For the second year in a row, the federal income tax filing due date for individuals has been postponed. The postponements come as a part of the fallout of the coronavirus pandemic and the legislation that has resulted from it, which has added complexity to tax filings and systemic strain to the U.S. tax bureau.
On Wednesday, March 17, the Internal Revenue Service (IRS), in conjunction with the U.S. Treasury Department, announced an extension of the federal income tax filing due date for individuals. Individual returns for the 2020 tax year are now due on May 17, 2021, rather than the standard date of April 15, 2021.
The IRS stated their intention to issue formal guidance on the extension soon. As of now, here are the details that we are aware of, per the IRS news release:
- In addition to a filing extension, any federal income tax payments owed for 2020 are also automatically extended to the new due date, with no penalties or interest.
- The filing and tax payment postponements are applicable for self-employed individual filers.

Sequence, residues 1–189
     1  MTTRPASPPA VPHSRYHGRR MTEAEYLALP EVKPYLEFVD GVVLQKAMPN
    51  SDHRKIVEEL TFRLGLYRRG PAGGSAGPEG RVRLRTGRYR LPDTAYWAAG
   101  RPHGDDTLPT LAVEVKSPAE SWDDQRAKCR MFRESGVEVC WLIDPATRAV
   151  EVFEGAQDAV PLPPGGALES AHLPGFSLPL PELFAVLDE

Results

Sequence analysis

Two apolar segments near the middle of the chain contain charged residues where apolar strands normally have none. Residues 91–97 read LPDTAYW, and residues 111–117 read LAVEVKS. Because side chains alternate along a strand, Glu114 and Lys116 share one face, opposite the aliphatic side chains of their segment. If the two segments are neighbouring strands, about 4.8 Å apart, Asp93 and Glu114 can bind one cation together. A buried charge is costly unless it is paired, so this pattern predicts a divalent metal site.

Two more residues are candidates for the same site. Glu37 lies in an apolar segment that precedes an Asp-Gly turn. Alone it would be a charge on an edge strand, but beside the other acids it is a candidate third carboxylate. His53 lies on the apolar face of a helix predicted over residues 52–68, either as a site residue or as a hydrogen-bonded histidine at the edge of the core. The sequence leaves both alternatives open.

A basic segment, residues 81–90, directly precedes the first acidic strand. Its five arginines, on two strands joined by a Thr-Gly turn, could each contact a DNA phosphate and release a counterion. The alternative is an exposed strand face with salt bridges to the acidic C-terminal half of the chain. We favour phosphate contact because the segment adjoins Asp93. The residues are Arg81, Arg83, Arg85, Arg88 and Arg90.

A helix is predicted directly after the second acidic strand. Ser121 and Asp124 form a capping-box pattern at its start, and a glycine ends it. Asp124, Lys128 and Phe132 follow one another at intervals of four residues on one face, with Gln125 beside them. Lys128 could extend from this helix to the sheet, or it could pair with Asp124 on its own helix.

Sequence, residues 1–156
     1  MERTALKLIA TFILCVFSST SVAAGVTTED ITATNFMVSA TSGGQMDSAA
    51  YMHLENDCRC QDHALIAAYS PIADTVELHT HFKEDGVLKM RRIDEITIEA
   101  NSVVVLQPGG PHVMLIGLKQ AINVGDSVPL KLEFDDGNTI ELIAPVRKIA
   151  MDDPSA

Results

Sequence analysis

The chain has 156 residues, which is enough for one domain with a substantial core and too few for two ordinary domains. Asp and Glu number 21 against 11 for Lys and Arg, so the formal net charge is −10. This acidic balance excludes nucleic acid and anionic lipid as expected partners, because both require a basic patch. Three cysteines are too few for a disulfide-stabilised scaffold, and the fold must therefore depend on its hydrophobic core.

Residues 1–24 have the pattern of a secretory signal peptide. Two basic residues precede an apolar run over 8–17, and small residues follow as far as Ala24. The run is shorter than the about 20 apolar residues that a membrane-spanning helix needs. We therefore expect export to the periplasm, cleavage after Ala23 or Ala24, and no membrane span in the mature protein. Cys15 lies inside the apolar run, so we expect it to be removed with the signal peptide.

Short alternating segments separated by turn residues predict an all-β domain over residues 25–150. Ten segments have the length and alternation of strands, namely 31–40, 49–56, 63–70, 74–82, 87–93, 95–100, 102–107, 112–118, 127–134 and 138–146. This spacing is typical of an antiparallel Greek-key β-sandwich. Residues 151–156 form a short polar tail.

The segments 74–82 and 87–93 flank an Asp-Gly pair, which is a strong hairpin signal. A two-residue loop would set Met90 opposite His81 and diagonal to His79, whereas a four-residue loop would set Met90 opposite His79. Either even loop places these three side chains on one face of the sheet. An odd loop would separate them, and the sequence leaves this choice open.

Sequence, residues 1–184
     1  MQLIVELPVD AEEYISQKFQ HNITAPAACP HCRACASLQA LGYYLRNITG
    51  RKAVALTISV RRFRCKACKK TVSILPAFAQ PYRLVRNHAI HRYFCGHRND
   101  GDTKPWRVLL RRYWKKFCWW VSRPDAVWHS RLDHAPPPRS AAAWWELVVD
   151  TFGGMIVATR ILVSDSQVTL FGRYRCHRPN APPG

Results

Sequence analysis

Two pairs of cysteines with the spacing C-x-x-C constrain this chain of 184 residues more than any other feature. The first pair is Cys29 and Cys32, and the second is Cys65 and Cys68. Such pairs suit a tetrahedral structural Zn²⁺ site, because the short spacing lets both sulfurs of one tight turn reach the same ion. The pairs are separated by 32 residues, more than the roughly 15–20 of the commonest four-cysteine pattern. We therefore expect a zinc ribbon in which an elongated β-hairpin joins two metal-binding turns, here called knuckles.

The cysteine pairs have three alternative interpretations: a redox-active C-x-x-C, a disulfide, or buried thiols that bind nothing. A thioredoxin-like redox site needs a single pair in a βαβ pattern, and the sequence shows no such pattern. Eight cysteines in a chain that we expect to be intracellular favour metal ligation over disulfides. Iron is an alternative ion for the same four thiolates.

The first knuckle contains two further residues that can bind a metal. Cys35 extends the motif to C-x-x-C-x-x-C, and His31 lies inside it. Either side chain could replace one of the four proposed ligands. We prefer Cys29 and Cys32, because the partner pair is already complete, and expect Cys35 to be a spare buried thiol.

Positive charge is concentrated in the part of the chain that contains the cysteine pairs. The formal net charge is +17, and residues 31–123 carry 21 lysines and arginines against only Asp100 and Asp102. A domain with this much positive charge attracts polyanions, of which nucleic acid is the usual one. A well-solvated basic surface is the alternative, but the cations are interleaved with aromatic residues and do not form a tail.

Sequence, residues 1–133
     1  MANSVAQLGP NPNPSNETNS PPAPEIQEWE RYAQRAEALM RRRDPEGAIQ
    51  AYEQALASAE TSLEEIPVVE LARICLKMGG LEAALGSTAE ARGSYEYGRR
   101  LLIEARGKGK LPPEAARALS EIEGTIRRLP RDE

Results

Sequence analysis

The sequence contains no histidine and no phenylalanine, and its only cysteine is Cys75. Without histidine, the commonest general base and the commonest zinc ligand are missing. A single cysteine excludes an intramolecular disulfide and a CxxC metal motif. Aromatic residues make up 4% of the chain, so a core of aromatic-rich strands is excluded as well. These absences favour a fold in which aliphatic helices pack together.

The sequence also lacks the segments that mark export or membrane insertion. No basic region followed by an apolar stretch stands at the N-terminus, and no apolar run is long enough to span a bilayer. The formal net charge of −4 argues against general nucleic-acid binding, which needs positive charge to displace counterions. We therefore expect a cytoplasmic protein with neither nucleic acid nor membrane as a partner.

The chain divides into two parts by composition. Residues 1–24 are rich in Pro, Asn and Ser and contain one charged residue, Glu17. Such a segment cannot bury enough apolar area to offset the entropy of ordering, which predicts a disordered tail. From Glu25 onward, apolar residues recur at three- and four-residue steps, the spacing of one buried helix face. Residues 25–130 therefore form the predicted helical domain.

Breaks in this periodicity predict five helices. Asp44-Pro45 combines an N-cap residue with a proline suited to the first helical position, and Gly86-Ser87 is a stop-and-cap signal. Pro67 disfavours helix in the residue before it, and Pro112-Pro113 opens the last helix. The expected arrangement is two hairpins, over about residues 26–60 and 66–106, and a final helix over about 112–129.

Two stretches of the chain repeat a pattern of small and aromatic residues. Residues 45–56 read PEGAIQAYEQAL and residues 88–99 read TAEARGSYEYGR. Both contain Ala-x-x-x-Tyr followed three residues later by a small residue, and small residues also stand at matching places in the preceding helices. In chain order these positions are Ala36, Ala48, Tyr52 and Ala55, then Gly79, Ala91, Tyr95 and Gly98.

- Taxpayers who do not pay any amounts owed by May 17 will begin to accrue penalties and interest at that point.
- There is no need to file for an extension or contact the IRS—this extension is automatic.
- Individuals who need more time than the May 17 due date provided should file Form 4868, Application for Automatic Extension of Time to File U.S. Individual Income Tax Return to apply for an extension through October 15, 2021. This would result in an extension for filing; any payment due would still need to be paid by May 17 to avoid penalties and interest.
- The postponement does not apply to the April 15 deadline for estimated tax payments.
Individual taxpayers should be sure to note that this extension only applies to federal income tax filings. While it is possible that states will follow suit with a due date extension, individual taxpayers need to refer to their state tax bureau for guidance on state income tax filings.
As your tax advisors, please be aware that we are actively monitoring the situation for updates that impact you, both federally and locally. We will continue to work hard to meet current tax deadlines and operate under the assumption that all other standard deadlines remain in effect unless an announcement is made by tax authorities. We will be sure to reach out again in the event of any further developments.